The final stretch toward Puntilla seems to take forever. The trail is very windy and the milage ticks of extremely slowly. We reached Rainy Pass Lodge just after 11:30 pm. The little log cabin used as a checkpoint was manned by Steve who is one of the 5 brothers of Alaska family Perrins. The Perrins own and operate the lodge, and there is actually a reality TV show about the family's day to day life called "Our 5 sons". After Steve checked us in, he handed us a can of ravioli and told us we could use any of the bunks in the cabin. He put some wood in the stove and then left to get some sleep. I woke up freezing as there was only a sheet on my bed, and I had stripped of all my cold weather clothes. Apparently the fire had gone out... Since I was up, I thought it would be a good idea to wake Eric up so we could take off together with Greg Matyas.

After some oatmeal and coffee, filling our water, and getting everything back on the bikes we left to go over Rainy Pass at 5:40 am. The northern lights were lighting up the Alaskan mountain range with a soft green glow. The first part toward the pass was nice and ridable. It was chilly, but once the sun rose it warmed up. After about 8 miles the trail gets steeper and we had to start pushing. I kept stopping to eat, fiddle with my jacket and goggles, and Greg was getting further away from us.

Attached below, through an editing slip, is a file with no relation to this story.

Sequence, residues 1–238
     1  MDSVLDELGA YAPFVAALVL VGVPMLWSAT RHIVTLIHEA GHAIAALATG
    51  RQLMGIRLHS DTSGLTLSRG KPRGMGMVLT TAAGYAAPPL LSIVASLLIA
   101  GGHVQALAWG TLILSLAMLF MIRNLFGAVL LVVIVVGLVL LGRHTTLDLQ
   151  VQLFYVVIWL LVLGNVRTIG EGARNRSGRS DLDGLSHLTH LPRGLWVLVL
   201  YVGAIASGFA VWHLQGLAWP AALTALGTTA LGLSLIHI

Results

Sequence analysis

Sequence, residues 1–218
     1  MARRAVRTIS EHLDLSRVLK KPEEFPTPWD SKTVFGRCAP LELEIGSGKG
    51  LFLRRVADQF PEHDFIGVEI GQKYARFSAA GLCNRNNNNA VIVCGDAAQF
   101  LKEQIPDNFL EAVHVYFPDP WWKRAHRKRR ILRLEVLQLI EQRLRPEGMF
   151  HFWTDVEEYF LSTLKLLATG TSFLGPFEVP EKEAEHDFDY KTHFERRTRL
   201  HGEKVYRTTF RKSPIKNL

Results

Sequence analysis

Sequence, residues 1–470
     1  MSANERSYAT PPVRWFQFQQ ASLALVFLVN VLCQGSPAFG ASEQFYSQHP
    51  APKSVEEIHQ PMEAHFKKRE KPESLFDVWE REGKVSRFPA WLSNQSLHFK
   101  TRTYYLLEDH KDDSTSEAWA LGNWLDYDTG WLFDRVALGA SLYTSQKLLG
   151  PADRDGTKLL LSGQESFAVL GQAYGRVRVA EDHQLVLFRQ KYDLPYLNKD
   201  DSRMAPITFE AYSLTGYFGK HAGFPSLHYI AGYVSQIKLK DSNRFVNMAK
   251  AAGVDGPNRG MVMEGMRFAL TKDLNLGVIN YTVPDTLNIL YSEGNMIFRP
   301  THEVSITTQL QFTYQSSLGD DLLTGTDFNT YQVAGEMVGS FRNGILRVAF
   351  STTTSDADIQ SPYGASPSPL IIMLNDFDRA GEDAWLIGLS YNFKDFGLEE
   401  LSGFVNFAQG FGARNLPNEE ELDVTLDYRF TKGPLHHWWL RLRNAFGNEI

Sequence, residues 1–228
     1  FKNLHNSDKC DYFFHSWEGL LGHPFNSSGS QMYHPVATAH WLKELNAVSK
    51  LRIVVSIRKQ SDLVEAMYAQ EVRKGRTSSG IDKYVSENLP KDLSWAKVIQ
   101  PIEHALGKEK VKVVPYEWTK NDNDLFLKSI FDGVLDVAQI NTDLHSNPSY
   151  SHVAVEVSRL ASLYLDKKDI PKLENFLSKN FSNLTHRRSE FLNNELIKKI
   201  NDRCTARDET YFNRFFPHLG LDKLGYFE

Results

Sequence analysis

A safety cabin on the way up Rainy Pass

Close to the summit of Rainy Pass

As we got closer to the summit, the wind picked up, but it was still a beautiful sunny day and the views were spectacular. It only took us 8 hours to reach the top. In the past, the downhill has been completely unridable. We have post-holed, bushwhacked, and carefully negotiated water trying to avoid falling through the snow and getting soaked. This year was a completely different story. The trail was perfectly groomed by snowmobiles, and the landscape was like a winter wonderland. We had a really fun ride down the Dalezell Gorge and reached Rohn in a record 2.5 hrs from the summit.

Coming down the summit

Our favorite checker Rob was manning Rohn as usual! Only Greg was at the checkpoint getting ready to go to sleep in the walled tent. The tent in Rohn has the same distinct smell each year. It is a combination of burning pine, wet clothes, and smelly socks. My glove liners carried that smell the rest of the trip... Rob served up canned ravioli and then brought us our dropbags which were sitting in a big pile outside. After loading up our bikes with new food, changing batteries in headlamps, and grabbing more hand/toewarmers, we took a 4 hour nap. The combination of ambien and earplugs put me in to a coma. It was a great and I felt really rested when we woke up! I knew I was going to need the rest, because the next 90 mile section can be brutally long.